Big Pharma cut DTC spending by 8% in 2008. It was the first such reduction in the 10 years since the FDA eased restrictions on the practice. DTC spending dropped from $4.8 billion in 2007 to $4.4 billion last year, according to IMS Health.
The drop-off has been chalked up to reductions in new drug introductions and a bit of ill-will directed at the industry by the public and congress.
Critics claim the advertisements, which are proscribed in most countries, inflate costs by encouraging people to request brand-name drugs in lieu of less expensive alternatives.
In response, PhRMA, Big Pharma’s trade group, points to a 6 year-old FTC statement claiming the ads inform consumers about medication options and have not been proven to cause health care cost escalations.
And Pfizer spokesperson Sally Beatty insisted to the Wall Street Journal that its ads raise awareness of health conditions.
“Erectile dysfunction… can be a signal for other serious medical issues, including high blood pressure, diabetes and cardiovascular disease,” she said.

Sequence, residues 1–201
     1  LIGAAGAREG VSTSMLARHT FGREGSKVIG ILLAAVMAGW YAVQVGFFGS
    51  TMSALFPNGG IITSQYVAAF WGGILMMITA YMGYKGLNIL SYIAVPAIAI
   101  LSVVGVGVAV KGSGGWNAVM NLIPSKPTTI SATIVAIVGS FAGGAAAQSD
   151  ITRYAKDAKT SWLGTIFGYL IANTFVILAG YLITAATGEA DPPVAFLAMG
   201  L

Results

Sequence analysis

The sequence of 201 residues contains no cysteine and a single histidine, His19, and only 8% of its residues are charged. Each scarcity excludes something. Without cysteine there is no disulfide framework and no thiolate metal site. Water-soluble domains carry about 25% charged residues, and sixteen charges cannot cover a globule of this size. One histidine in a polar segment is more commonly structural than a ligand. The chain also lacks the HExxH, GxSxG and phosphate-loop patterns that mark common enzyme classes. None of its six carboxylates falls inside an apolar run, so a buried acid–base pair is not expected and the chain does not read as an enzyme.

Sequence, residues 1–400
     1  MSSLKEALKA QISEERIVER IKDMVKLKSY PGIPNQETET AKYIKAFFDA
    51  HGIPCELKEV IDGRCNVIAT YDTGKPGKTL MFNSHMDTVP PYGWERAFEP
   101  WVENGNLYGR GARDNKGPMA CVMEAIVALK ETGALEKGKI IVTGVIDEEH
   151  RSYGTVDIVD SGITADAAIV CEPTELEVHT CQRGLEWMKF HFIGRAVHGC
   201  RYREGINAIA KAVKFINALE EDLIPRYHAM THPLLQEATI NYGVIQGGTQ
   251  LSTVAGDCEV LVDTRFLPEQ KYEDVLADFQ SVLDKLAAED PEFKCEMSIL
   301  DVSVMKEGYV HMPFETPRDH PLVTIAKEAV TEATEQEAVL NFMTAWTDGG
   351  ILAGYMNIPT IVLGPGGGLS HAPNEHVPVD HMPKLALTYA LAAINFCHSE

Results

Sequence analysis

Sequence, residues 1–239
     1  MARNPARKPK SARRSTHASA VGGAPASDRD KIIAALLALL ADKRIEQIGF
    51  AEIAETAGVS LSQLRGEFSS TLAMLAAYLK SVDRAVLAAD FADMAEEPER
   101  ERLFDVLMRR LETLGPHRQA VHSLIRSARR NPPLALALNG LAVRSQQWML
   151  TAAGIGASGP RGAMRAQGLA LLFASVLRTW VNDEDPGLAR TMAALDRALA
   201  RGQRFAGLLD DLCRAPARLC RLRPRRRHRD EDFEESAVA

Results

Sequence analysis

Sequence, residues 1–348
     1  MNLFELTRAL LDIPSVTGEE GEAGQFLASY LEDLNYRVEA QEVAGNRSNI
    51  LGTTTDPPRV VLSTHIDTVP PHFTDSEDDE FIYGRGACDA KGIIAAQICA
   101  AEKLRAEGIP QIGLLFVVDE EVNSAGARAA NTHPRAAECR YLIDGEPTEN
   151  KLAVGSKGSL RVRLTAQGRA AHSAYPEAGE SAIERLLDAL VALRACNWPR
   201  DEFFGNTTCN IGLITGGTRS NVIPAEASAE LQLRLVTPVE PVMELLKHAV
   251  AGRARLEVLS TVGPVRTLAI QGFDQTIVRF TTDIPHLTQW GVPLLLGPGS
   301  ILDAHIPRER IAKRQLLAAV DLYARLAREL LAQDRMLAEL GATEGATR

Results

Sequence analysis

Big Pharma adds that DTC constitutes only 40% of its marketing expenses for prescription drugs.
The remainder targets physicians.
Merck and the Plough, which jointly market Vytorin, shaved their DTC spend on the cholesterol buster from $114 million to $47 million, according to IMS.
That came after Michigan congressmen John Dingell and Bart Stupak denounced the companies for pushing the drug while delaying release of a study that showed Vytorin was no better for most patients than generic equivalents.
“We felt this temporary suspension was appropriate in light of the news coverage,” a Merck spokesperson told the Journal.
Even Abraham Lincoln, in his new role as Rozerem pitchman, took a hit.
Takeda cut DTC advertising for the sleeper by 90% to $14 million. We’re going to miss you too, Abe.